Could the moon be considered as a threshold triger factor for eathquakes

In summary: September 10. I note no replies and have formed a brief one. According to Berkland, the U.S. Geological Survey said such a theory is ridiculous—the Earth is 82 times more massive than the moon. Though the Earth can trigger quakes on the moon, they said, the moon is too small to trigger any earthquakes.In summary, the National Geographic article asserts that the moon does not have any significant role in the triggering of earthquakes on Earth, and that the theory is ridiculous.
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John Richard
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An article in the National Geographic states: "According to Berkland, the U.S. Geological Survey said such a theory is ridiculous—the Earth is 82 times more massive than the moon. Though the Earth can trigger quakes on the moon, they said, the moon is too small to trigger any earthquakes."

But is it not reasonable to consider the posibility that the moons gravity could play a part in the release of stored energy in the Earth's crust, kind of like the straw that breaks the camels back. Thresholds are by their nature unstable and just like the tipping point of a spring loaded light switch, they require very little effort to finally make them click.

The moon regulates a lot of aspects of the Earth's behavior, might it not also be responsible for minimising in however small an amount, the severity of earthquakes by providing a slight nudge to bring them out sooner?

http://news.nationalgeographic.com/news/2005/05/0523_050523_moonquake_2.html
 
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John Richard asked about the moon’s role in earthquakes on September 10. I note no replies and have formed a brief one. I looked first at the internet, typing earthquake moon on google. A site with allegations and information in addition to the one attached to the query was found. http://en.wikipedia.org/wiki/User:Wikinaut/Moon-Earthquake-Theory
Here a linkage to new and full moons was asserted without much data. Another site was loaded with information http://earthquake.usgs.gov/eqcenter/ , pointing out that moonquakes are influenced by the Earth, an encouraging statement that was not documentyrd. http://earthquake.usgs.gov/learning/facts.php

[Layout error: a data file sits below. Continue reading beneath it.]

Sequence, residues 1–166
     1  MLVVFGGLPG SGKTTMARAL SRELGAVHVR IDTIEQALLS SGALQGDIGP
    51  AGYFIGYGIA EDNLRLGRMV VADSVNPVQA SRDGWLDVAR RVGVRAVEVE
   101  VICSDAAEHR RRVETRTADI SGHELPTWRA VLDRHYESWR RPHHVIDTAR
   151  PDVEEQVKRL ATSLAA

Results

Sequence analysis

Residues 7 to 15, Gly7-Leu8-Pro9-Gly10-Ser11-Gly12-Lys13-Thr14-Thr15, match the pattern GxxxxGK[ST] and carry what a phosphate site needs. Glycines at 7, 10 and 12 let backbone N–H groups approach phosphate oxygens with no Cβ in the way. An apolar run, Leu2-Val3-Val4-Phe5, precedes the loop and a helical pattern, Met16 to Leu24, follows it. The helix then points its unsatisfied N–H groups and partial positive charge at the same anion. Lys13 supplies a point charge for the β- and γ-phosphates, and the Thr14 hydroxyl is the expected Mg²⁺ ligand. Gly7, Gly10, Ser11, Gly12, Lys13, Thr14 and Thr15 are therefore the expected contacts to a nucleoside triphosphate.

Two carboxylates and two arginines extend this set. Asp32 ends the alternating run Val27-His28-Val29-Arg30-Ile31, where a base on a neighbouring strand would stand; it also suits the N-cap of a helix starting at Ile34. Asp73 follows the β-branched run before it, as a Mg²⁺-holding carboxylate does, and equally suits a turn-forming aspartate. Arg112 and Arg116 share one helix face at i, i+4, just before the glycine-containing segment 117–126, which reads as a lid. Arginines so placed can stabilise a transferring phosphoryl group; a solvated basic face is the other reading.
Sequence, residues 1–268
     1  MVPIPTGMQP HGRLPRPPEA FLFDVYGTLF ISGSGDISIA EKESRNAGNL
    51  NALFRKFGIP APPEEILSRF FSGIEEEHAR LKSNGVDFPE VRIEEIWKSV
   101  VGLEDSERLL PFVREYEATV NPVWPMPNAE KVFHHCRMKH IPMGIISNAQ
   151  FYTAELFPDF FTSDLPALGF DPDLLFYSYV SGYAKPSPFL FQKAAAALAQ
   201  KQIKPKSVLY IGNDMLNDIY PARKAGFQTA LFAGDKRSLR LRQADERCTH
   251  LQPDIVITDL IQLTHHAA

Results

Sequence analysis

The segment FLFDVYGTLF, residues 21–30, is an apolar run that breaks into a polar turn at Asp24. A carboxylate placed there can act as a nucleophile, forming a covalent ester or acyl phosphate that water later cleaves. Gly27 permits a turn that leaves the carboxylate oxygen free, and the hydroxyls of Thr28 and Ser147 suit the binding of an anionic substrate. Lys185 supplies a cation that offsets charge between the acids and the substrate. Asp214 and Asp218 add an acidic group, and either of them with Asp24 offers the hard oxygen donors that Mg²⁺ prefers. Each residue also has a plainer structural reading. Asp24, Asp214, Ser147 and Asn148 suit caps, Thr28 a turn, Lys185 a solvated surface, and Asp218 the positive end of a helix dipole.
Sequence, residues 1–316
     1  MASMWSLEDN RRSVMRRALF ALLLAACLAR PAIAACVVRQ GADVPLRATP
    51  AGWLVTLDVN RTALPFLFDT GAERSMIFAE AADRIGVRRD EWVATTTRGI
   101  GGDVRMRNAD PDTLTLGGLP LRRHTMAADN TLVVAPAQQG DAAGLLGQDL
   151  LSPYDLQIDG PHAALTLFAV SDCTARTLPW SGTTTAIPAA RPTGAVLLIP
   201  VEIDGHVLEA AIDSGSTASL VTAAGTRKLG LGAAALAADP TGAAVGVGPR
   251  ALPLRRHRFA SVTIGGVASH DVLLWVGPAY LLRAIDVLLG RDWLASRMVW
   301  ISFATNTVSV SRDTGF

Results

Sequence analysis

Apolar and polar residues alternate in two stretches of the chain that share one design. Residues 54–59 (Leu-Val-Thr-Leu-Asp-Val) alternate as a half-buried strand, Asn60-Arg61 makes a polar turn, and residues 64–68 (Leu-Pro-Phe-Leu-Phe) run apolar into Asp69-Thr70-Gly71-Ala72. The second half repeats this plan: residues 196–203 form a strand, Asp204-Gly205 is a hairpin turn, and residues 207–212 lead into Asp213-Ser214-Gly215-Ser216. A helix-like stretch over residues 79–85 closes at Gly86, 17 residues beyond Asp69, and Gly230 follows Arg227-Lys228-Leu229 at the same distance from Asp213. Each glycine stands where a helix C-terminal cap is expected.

The need is to assess the Moon’s position in relation to the earthquake at earthquake onset. Longitudinal angle, the difference in longitude between the earthquake site and the Moon at the time of the quake, including sign, may be used as a first approximation. Recent earthquakes are shown on the usgs site and the Navy has a site for moon longitude that appears potentially useful. A German site http://www.jgiesen.de/moonmotion/index.html and some astrology sites are alternatives. I would recommend that you select 30 usgs earthquakes by minimum magnitude around the World, attach their longitudinal angles (+180 to -180 degrees), and then simply plot them. If a relation is apparent you might post the graph and we can go on. If you are not sure, add another 20 or 30, then give up. There are simple statistical tests that can be used to formalize the analysis. But usually your eyes can tell you. There is a precedent for looking http://www.Newton.dep.anl.gov/askasci/gen99/gen99048.htm says that more earthquakes in California are in the morning than the evening, but the numbers are not very large. A relation that doesn’t show up easily can create more problems than it can solve. The Sun may be brought in by adding time of day, but latitude and Earth tilt will pull you quickly into trigonometry and you should resist until you have early success.

Good luck, you may be surprised by the outcome, but please share it in any case.
 
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Thank you for your encouragement DEMcMillan, I will undertake the preliminary assesment using your very useful tips and links and report back in due course.

Thank you again

John Richard
 

Related to Could the moon be considered as a threshold triger factor for eathquakes

1. Could the moon's gravitational pull trigger earthquakes on Earth?

There is no scientific evidence to support the claim that the moon's gravitational pull can directly trigger earthquakes. While the moon's gravitational pull does have an effect on the Earth's tides, it is not strong enough to cause seismic activity.

2. Is there a correlation between the moon's position and earthquakes?

Some studies have shown a slight increase in the number of earthquakes during certain lunar phases, but the overall correlation between the moon's position and earthquakes is weak and inconsistent. There are many other factors that contribute to earthquake activity on Earth.

3. Can a supermoon cause earthquakes?

A supermoon, which is when the moon is at its closest point to Earth, does not have a significant impact on earthquake activity. While it may slightly increase the Earth's tides, it is not strong enough to cause earthquakes.

4. Do more earthquakes occur during a full moon?

Similar to the correlation between the moon's position and earthquakes, there is no conclusive evidence to suggest that more earthquakes occur during a full moon. Earthquake activity is influenced by a variety of factors, and the moon's phase is not a major contributor.

5. Is there any evidence to support the "lunar effect" on earthquakes?

The theory of a "lunar effect" on earthquakes has been widely debunked by the scientific community. While there may be small fluctuations in earthquake activity during certain lunar phases, there is no significant evidence to suggest that the moon has a direct impact on triggering earthquakes.

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